I like balkan music yes, though I have always liked the melodies and instrumentation a lot more than the actual songs. I’ve always loved brass instruments so I like how they drive the music forward. I guess the first people I heard making anything similar would have been Ed Cox and Freddy Frogs, and then at some point the Ringe Raja Records label started, which pretty much became the home of gypsycore. I can’t really remember the timeline, there certainly weren’t, and still aren’t, many people making it! Other important artists to note would include Fexomat, Wan Bush, Audiotist and their Circus Brekovic project, and the whole RRR rosta.

E-Coli is recognized as an Gypsycore artist. Can you agree?

Yeah I guess so, although these days I play a lot less breakcore, it is more tekno orientated so I don’t know if it is still gypsycore. I usually describe it as gypsytek or balkantek, or in Europe sometimes they call it happytek. It’s such a niche genre it hasn’t really been defined so I don’t know whether what I make now counts as gypsycore or not! I like the genre though so would be happy to be thought of as being part of it.
Your music (also DJ set) has a very danceable and have a pure dance love and a positive mind. Why did you become this style? What do you represent with music?
Sometimes, do you want to make and play dark and serious songs?

This is tekno music, it’s made predominantly for the dance floor and for parties, so to me it makes sense for it to be melodic and fun. I wouldn’t say it is all happy, there are some dark elements as well, but I think the use of real instruments speaks to people in a more natural way than synths do, and makes it more enjoyable to listen to. This isn’t necessarily the kind of music I listen to at home when I am relaxing, I like a lot of dark and serious music too, and I can enjoy hearing that out in a club as well, but its not what I want to play.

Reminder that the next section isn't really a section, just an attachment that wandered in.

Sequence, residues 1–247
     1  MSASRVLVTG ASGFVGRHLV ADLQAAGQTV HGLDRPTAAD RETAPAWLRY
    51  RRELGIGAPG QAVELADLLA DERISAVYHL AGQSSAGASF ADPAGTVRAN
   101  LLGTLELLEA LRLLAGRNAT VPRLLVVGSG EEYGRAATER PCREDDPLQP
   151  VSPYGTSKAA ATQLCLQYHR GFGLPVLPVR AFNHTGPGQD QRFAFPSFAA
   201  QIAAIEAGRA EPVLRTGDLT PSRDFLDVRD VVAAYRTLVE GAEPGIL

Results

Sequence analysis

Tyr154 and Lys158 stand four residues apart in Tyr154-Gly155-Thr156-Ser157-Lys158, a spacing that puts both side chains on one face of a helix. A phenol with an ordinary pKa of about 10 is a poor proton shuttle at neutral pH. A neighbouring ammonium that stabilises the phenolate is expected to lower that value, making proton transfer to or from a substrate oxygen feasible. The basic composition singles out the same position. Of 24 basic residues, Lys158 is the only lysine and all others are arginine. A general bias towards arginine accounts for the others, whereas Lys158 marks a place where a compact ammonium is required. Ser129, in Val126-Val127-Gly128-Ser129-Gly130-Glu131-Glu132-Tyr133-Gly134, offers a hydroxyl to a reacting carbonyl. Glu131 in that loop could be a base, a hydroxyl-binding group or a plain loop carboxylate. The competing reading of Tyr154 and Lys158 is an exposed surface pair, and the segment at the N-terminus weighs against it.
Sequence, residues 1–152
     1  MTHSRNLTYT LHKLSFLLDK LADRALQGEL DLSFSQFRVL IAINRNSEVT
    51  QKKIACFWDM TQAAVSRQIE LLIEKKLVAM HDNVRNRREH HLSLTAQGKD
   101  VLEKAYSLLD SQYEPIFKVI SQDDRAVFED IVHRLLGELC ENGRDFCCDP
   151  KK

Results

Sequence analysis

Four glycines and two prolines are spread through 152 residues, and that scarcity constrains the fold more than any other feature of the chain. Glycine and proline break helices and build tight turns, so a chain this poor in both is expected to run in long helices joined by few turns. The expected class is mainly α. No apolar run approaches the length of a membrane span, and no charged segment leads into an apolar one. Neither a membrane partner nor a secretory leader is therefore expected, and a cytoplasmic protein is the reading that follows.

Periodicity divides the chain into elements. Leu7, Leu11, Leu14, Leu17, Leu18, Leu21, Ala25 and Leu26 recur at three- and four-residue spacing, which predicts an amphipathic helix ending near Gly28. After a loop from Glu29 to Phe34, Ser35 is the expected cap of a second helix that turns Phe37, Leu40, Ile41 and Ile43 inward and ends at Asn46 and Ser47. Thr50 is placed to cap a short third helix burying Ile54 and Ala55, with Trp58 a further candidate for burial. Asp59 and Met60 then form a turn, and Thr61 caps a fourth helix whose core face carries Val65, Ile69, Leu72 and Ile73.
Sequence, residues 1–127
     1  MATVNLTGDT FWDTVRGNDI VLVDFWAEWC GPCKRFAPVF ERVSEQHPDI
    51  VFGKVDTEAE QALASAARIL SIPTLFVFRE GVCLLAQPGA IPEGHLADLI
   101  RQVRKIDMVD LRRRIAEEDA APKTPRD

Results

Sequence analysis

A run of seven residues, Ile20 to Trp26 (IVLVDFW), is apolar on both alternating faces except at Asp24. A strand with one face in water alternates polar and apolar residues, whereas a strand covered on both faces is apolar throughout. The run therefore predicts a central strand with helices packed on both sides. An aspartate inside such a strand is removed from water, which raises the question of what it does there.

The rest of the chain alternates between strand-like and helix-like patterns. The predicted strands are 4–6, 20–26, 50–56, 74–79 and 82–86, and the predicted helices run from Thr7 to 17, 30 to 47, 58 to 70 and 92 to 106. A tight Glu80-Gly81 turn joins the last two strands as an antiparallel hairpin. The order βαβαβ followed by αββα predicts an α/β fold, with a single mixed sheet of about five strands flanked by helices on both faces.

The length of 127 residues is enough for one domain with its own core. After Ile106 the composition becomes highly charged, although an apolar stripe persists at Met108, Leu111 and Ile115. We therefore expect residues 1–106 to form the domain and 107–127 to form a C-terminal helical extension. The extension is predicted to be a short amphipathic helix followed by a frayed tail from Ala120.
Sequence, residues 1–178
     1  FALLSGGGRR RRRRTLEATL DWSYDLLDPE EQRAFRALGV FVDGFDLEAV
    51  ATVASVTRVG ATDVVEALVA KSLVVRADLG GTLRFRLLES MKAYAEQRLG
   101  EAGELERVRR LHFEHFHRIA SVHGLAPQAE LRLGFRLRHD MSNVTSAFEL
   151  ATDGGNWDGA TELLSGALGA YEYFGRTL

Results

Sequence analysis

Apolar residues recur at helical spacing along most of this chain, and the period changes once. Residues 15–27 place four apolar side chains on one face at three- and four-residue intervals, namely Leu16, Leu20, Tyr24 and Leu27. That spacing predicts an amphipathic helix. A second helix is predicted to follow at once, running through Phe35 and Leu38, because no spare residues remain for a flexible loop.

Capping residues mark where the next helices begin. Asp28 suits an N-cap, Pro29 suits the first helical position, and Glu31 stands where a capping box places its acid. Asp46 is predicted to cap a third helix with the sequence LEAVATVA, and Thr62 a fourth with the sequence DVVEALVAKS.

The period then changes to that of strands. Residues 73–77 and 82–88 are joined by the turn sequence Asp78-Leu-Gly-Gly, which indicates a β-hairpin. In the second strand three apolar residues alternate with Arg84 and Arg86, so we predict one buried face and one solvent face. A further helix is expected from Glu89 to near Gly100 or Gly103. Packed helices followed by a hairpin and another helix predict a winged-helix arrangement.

You actively release songs on FREE DL.
Do not you care about sales in release? What do you think of physics release such as CD / TAPE / Vinal?

I love physical releases, I have a few tracks out on vinyl with a couple more coming really soon, and I love that labels are still pressing to vinyl. However with digital music I think that giving it away for free is a great thing to do. It spreads the music much further, people are way more likely to download it if it is free, and I just quite like giving it away. There isn’t that much money to be made in record sales in this scene, but if people are listening to my music for free then hopefully they will pay to come to my show!
Please tell me the current equipment you are using.
How is the song idea born?

I use Ableton Live on a Macbook Pro (late 2011, a great year for Macbooks, unfortunately it is slowly breaking now so I must sadly replace it). I have a couple midi keyboards, and some Rokit 8 monitor speakers. Mostly my tracks are built from a Balkan sample; an instrument or vocal. If I find the right sample that inspires me then I will compose the structure and basis of the track very quickly, and then spend usually a few weeks finishing it off. I mostly compose using headphones because I like to be immersed in the sound with no external distractions. I finish and mixdown my tracks on monitors, and nearly all of my tracks are then mastered by my friend and a great artist C3B.

What is the most favorite song of E-Coli?

I don’t have a favourite, but I definitely have some I like more than others! I will always like the first E-Coli track I made, it was called Amen Gypsy and is still up on my soundcloud. That was the first track I ever made on Ableton, and I have lots of fond memories of playing it out many times in my early days of DJing. My remix of I Put A Spell On You is probably the favourite track for most people, I have played it so many times now that I love it and also hate it, I rarely play it live now unless I am in a new city I have never played in, but I do still enjoy hearing it occasionally.